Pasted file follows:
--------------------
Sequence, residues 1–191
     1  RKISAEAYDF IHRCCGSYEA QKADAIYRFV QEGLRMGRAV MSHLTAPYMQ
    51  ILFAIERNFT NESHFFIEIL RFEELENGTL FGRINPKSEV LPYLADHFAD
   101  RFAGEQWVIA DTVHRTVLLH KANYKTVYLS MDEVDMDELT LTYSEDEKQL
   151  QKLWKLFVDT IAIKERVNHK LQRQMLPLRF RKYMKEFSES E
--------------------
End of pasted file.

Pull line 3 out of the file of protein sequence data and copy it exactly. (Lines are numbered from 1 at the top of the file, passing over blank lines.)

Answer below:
    51  ILFAIERNFT NESHFFIEIL RFEELENGTL FGRINPKSEV LPYLADHFAD